Captain Sam Cane said it would be silly not to utilise that experience.
"A lot of it comes down to our preparation. We've been clear how we have built how we want to play as a team.
"In terms of head and strategy, we're in a good place and with that comes confidence.
"There will be a high level of emotion and intent to start the game well, there always is.
"But we have played two knockout matches in a row and I trust we are in a good spot there. The boys have done a lot of physical and mental prep [preparation]. Although it is a final, we just have to trust ourselves to go out there and play good footy."
They would have to play better than they did when beating Ireland in their quarterfinal a fortnight ago to succeed.
"If we put out our best performance of the year, we will give ourselves a good shot.
"We want to make New Zealand proud. The support has been truly overwhelming, it makes you do damned proud to be a Kiwi. That's probably our biggest driving factor."
Cane said the teams had a close relationship, and he enjoyed rival captain Siya Kolisi's friendship.
"He's an exceptional human. Our relationship goes back a long way now. We both came onto the international scene at similar times. I've got massive respect for him visiting me in hospital [when Cane suffered a broken neck during a Test in South Africa].
"I was drugged up at that stage, so I only have faint memories. Rassie [Erasmus – coach] and Francois Louw also came, a few of those South African boys.
"Everyone knows Siya is an inspirational skipper and big part of their team. When he speaks, he demands respect. That is just seeing how he speaks to the public. I'll look forward to another battle with him. The respect is mutual."
Cane explained his approach to the breakdowns.
"It's a team thing; it's trusting your teammates and yourself to make the right decision at the right time. But, ultimately, it's knowing if you are not 100 per cent confident in the decision that you are willing to back out and defend another phase because you know your teammates are going to get back up, get onside and again, and again, and again.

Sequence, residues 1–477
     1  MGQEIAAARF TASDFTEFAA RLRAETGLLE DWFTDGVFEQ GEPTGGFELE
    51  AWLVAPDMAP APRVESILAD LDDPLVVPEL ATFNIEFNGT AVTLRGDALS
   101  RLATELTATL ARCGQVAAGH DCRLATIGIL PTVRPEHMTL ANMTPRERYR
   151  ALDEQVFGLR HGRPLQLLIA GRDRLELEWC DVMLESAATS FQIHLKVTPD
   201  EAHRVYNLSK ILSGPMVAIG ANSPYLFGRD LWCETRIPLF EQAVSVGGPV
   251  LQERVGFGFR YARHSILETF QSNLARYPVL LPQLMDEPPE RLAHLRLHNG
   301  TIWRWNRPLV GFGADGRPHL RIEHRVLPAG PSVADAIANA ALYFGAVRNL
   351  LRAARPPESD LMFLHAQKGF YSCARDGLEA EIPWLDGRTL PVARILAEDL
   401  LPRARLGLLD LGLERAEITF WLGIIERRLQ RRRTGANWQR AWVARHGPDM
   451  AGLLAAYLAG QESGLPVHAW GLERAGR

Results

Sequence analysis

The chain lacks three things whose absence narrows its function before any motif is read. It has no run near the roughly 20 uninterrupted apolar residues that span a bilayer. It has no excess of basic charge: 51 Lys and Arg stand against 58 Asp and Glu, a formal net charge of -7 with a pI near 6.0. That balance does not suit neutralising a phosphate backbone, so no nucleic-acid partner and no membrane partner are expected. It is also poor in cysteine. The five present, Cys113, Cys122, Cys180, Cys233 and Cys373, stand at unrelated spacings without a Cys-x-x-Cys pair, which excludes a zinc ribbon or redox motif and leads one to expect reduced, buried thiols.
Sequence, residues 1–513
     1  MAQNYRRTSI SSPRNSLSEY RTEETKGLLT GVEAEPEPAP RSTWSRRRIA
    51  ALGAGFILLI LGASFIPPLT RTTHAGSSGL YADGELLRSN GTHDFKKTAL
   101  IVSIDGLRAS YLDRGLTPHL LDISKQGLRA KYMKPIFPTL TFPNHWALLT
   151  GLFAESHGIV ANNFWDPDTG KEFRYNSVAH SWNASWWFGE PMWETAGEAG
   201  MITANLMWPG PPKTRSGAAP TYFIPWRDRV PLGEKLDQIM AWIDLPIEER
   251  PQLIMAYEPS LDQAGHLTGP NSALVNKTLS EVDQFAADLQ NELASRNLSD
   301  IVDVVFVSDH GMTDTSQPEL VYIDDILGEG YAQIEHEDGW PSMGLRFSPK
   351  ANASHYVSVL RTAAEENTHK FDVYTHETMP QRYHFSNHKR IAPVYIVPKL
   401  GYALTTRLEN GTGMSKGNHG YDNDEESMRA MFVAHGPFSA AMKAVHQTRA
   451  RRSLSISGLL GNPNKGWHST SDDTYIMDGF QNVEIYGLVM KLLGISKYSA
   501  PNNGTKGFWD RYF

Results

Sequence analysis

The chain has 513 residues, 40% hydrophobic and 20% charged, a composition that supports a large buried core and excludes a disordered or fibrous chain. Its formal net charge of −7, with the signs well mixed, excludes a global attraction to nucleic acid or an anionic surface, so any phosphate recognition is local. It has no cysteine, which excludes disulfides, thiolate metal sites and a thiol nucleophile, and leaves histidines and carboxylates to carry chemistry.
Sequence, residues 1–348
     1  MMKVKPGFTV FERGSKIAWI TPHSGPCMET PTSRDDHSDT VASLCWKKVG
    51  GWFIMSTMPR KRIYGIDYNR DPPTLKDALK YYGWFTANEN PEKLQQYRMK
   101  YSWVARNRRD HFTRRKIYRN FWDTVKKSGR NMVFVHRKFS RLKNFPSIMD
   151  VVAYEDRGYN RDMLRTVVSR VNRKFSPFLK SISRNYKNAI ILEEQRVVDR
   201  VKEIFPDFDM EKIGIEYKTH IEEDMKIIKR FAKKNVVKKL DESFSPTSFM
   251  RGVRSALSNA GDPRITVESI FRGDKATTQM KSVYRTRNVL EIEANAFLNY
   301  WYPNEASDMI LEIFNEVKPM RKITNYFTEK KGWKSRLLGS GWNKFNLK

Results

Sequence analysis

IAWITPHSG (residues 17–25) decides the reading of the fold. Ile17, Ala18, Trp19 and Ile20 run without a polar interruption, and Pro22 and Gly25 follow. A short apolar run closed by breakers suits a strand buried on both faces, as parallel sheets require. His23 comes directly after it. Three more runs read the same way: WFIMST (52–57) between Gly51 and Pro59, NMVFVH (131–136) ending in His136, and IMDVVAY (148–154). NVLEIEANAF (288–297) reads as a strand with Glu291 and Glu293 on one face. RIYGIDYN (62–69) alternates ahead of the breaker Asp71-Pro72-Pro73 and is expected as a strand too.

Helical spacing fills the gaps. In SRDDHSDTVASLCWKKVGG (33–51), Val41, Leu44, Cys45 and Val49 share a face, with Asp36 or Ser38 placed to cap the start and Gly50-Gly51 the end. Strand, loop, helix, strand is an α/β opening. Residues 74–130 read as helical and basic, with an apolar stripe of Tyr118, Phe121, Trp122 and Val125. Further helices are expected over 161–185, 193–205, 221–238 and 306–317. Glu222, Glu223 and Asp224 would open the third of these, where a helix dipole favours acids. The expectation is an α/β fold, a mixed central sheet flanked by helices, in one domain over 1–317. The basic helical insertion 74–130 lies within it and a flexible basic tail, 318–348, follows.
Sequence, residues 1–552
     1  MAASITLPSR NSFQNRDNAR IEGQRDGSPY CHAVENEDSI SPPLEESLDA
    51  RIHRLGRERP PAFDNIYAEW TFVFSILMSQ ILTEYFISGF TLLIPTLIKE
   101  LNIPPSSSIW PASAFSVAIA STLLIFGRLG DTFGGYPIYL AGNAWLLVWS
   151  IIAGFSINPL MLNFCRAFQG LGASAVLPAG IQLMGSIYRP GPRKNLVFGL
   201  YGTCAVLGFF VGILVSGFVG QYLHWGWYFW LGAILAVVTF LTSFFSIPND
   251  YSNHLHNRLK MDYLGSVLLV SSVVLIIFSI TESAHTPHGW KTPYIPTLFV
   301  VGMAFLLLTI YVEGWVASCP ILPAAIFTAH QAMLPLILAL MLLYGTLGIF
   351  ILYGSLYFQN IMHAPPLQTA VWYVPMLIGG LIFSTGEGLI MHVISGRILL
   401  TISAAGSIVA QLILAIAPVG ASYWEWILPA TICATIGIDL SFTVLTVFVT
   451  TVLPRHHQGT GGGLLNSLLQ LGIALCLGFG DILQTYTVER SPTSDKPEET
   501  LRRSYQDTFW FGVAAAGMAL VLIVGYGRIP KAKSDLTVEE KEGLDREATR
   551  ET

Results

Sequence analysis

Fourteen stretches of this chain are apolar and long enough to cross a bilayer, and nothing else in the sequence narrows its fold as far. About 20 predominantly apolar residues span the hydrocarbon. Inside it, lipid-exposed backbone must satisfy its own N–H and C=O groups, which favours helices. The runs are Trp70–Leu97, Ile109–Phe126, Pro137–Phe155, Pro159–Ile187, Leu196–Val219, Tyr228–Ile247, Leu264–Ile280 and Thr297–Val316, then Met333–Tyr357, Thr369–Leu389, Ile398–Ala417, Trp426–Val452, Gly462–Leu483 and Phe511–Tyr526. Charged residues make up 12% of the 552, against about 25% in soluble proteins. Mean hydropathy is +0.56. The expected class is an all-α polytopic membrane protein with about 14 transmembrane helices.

"There's no better example than at the end of the Irish game, where guys kept showing up for each other. Moments like that build a lot of confidence and trust in each other. We're going to have to dig pretty deep into the well again on Saturday."
Lock Brodie Retallick will play his last Test for the side and said playing in a final to do that was much better than playing for third four years ago in Japan.
Playing against the Springboks had been the ultimate challenge throughout his career.
"We know they will come with a full pack and try to dominate. We know it's always physical. It's the greatest challenge we have in Test rugby."
Second five-eighths Jordie Barrett said it would be a special occasion playing in a final with brothers Beauden and Scott.
"We enjoy each other's company. You look around the huddle and you see a couple of brothers, and it is a pretty cool [thing]. We are lucky to have a lot of our family here supporting us this week. It's such a special week that we will cherish."
Barrett said they were not fuelled by revenge for their pre-tournament loss to South Africa at Twickenham.
"We have understood this is a completely different assignment, a massive challenge. A Springbok team with a 7:1 split in a World Cup final. We haven't fallen back on that week, and it is not going to be an emotional response. It's a completely different challenge."